IPOPHL approves ‘Bikol Pili’ collective mark

Published June 28, 2022, 3:13 PM

by Bernie Cahiles-Magkilat

Bicol Pili has been approved as a collective mark, recognizing the origin and distinct nut of Bicol that is seen to open greater opportunities for pili farmers, processors and traders in the region to the global markets.

The Intellectual Property Office of the Philippines’ (IPOPHL) Bureau of Trademarks (BOT) awarded the Certificate of Registration of the “Bikol Pili” collective mark to the Orgullo Kan Bikol (OKB) Association, Inc. in Legazpi City during a ceremony to unveil the mark held on June 14, 2022.

In a statement, IPOPHL said the mark will be used for a total of 13 classes of goods and services based on the Nice Classification. This will include raw and processed pili food products, as well as non-food products, such as garments, fashion accessories and wearables, cosmetics and beauty products and essential oils, among others.

The OKB is a Bicol-based association of more than a hundred local entrepreneurs and an active member of the Department of Trade and Industry (DTI) in promoting Bicol’s products.

“The collective mark serves to distinguish the origin and quality of pili products made and marketed by OKB members. It symbolizes OKB’s collective philosophy of supporting the pili industry to reach its potential and contribute to the socio-economic empowerment of the Bicol region,” OKB President Ms. Nona Nicerio said.

Nicerio emphasized that the use of Bikol Pili collective mark is expected to further empower their members – mostly farmers, producers and small-scale entrepreneurs in the region – who are now entitled to use the collective mark to promote their pili products.

BOT Director Jesus Antonio Z. Ros said the mark will be “an effective branding tool that would stir increased consumer confidence, enhance competitiveness, attract more investors, sustain demand and productivity and provide additional employment opportunities.”

“We wish the OKB will be able to sustain these efforts in promoting all products covered by the Bikol PIli mark as the pili tree is very distinct and endemic in Bicol,” Ros said.

Director General Rowel S. Barba said the approval of collective mark registration is “a huge leap not just for our producers and traders but also for our nation.”

“The wide-ranging opportunities from having a collective mark protection will, in the long run, foster inclusive economic growth,” Barba added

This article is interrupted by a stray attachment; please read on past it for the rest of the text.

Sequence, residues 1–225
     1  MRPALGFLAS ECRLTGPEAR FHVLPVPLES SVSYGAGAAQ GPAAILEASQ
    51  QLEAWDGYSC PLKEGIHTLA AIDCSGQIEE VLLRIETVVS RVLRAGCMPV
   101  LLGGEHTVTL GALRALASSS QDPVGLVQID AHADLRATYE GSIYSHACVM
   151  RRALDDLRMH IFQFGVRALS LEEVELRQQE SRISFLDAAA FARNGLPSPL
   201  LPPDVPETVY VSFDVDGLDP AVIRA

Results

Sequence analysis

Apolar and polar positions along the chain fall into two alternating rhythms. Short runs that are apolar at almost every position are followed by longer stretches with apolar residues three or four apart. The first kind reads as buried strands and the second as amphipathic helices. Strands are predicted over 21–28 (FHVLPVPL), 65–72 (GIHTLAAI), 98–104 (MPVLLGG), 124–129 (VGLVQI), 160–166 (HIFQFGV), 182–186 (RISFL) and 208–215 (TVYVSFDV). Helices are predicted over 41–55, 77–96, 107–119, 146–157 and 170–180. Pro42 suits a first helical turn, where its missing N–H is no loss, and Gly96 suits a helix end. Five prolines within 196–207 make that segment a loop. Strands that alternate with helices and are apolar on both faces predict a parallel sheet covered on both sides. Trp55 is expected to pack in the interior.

With efforts spanning more than a decade to be obtained, Bicol’s collective mark is a significant milestone especially as the local government of Albay endeavors to bounce back from the adverse impact of the pandemic.

Albay Governor-elect Noel Rosal committed to strengthen local government councils to “be more connected with [the pili] sector” and enable it to help Albay’s economy bounce back to its pre-pandemic status.

The DTI emphasized that the Bikol Pili registration is a continuing responsibility, especially for the producers, processors and traders.

“Our journey will not end here; this Bikol Pili collective mark will be nothing if it fails to achieve its objective which is to enhance linkages between collective mark registration and local development, by supporting MSMEs through the promotion of practices that generate a positive image for pili as one of the region’s flagship commodities,” DTI Regional Director Rodrigo M. Aguilar said.

The push for the Bikol Pili mark is a collaborative effort between IPOPHL, the World Intellectual Property Organization (WIPO) and DTI with the support of other agencies, such as the DTI, DA and Department of Science and Technology.

The Bikol Pili registration is part of WIPO’s project dubbed the “Registration of Collective Marks of Local Enterprises as a Cross-Cutting Economic Development Issue”, which is also being implemented in Bolivia, Brazil and Tunisia.

The Bikol Pili is now the newest addition to the list of IPOPHL-registered collective marks, which includes the Guimaras Mangoes, Cordillera Heirloom Rice, Lake Sebu T’nalak and the Aklan Quality Seal. The said collective marks are also poised to be registered as geographical indications (GI) once the BOT finalizes a registration system for GIs this year.